Transgenic rats provide new models of human disease

July 30, 2009
Stephanie Sutton

Stephanie Sutton was an assistant editor at Pharmaceutical Technology Europe.

Transgenic rats, created using a novel application of zinc finger nuclease (ZFN) technology, could aid the development of animal models of human diseases.

Transgenic rats, created using a novel application of zinc finger nuclease (ZFN) technology, could aid the development of animal models of human diseases. The technology enables the mutation of specific genes, which can be passed down heritably, according to the results of the study "Knockout Rats via Embryo Microinjection of Zinc Finger Nucleases", published in Science.

"Until now, rat geneticists lacked a viable technique for "knocking out", or mutating, specific genes to understand their function," Howard Jacob, Director of the Human and molecular Genetics Center at the Medical College of Wisconsin (WI, USA), explained in a statement.

The world’s first targeted knockout rat (left) was created using CompoZr zinc finger nuclease technology to knock-out the green fluorescent protein (GFP) gene in the GFP rat (right).Image Courtesy of Sigma-Aldrich Coporation and the Medical College of Wisconsin.

The breakthrough was made by scientists at the Medical College of Wisconsin, Sangamo Biosciences (CA, USA), Sigma-Aldrich (MO, USA), Open Monoclonal Technology (CA, USA) and INSERM (France). It is believed that the rats will aid understanding of physiology, endocrinology, neurology, metabolism, parasitology, growth and development, and cancer.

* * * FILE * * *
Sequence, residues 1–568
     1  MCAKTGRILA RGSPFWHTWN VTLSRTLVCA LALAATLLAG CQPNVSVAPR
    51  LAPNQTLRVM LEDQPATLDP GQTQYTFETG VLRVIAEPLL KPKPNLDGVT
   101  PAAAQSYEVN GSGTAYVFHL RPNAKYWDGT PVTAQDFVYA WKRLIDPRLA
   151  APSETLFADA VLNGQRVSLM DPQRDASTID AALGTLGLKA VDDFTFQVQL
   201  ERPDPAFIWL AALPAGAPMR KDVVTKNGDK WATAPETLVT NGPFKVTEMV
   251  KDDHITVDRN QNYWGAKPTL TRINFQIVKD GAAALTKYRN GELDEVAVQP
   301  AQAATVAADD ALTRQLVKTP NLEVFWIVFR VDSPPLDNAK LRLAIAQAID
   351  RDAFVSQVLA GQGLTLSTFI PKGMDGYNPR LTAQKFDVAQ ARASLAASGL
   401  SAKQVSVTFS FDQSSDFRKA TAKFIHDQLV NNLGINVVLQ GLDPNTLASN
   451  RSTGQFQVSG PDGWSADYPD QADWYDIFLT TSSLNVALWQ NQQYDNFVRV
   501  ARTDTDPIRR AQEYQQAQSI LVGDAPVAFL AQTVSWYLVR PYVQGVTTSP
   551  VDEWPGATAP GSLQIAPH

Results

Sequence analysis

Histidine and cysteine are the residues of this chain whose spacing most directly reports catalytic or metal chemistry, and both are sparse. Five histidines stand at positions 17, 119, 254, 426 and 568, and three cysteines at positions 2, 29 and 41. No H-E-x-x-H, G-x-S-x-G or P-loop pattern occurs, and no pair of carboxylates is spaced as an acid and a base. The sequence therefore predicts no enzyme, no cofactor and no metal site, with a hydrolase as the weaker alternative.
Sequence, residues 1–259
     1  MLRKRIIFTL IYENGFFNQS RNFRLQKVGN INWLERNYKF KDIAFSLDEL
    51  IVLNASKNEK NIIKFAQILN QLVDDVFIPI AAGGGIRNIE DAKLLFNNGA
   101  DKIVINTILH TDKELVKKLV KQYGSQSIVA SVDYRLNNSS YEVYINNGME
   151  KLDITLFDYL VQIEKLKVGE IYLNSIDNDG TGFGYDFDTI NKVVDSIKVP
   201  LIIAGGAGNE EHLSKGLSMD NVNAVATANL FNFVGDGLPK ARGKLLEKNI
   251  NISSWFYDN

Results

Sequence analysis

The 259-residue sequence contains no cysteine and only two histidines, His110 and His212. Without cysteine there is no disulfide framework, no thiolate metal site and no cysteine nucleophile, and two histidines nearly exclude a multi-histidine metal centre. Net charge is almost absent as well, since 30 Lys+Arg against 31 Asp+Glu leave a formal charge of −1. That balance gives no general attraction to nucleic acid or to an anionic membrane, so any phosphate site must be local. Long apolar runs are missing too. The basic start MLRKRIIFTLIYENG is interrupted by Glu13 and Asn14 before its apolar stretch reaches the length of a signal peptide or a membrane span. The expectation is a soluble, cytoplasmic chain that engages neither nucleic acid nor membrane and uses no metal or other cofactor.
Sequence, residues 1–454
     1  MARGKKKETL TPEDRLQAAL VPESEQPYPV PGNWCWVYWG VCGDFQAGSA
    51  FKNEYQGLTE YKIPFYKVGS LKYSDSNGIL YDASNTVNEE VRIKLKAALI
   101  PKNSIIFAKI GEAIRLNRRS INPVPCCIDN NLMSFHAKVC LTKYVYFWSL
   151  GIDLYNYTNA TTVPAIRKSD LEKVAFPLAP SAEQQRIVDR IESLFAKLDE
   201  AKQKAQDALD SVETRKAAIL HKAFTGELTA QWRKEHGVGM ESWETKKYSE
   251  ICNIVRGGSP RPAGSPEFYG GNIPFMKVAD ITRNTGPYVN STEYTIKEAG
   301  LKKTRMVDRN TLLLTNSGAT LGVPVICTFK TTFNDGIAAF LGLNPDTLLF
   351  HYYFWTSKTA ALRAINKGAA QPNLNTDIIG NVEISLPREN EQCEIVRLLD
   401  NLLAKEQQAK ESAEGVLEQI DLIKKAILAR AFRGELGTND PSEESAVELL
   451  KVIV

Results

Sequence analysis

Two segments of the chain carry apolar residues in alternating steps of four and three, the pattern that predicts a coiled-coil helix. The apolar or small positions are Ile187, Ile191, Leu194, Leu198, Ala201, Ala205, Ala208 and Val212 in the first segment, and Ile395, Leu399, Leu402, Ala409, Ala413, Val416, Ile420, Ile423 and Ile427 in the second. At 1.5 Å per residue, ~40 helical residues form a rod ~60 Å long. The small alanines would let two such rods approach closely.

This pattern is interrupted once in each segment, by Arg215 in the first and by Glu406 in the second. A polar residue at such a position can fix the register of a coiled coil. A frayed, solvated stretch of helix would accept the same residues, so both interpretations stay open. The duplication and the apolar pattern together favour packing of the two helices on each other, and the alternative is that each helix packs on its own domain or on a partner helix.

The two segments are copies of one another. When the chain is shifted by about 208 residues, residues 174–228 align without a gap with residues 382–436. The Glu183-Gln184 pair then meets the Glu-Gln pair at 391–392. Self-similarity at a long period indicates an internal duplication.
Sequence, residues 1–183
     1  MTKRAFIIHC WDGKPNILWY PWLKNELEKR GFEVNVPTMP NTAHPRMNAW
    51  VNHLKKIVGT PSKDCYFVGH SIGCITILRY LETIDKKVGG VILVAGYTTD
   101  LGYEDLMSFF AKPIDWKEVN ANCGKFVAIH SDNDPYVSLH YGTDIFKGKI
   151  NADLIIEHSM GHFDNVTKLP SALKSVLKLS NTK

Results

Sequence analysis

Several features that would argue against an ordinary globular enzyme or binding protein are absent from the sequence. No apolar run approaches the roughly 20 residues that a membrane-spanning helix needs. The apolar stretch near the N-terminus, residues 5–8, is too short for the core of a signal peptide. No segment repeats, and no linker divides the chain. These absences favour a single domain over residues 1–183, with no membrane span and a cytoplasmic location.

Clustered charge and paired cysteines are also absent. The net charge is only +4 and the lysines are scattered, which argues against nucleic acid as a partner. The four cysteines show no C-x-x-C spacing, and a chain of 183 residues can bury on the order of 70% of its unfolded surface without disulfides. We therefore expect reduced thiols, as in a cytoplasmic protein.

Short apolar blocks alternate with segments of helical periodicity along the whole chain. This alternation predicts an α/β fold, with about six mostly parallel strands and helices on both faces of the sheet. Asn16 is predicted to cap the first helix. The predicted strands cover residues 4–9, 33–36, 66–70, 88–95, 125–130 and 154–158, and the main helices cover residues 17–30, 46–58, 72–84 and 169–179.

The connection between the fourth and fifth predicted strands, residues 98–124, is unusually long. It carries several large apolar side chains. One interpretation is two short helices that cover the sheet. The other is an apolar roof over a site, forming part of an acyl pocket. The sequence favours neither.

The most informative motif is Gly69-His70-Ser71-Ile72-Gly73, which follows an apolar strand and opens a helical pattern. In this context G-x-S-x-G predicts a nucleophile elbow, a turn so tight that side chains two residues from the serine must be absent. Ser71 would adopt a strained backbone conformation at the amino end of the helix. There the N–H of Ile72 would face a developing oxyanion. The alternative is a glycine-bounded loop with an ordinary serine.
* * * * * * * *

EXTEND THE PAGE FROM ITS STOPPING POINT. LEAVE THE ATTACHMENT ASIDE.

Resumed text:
"We have invested our time and resources to develop the CompoZr platform because we see enormous potential in a technology that can precisely manipulate the genome of living organisms," David Smoller, President of Sigma-Aldrich's Research Biotech business unit, which markets ZFN technology through its CompoZr line, said in the statement. "We are proud to be part of the public–private collaboration developing the proof-of-concept for this technique, which we believe will become the standard for the creation of genetically engineered research animals."

www.mcw.eduwww.sangamo.comwww.sigmaaldrich.com http://openmonoclonaltechnology.com/index.html www.inserm.fr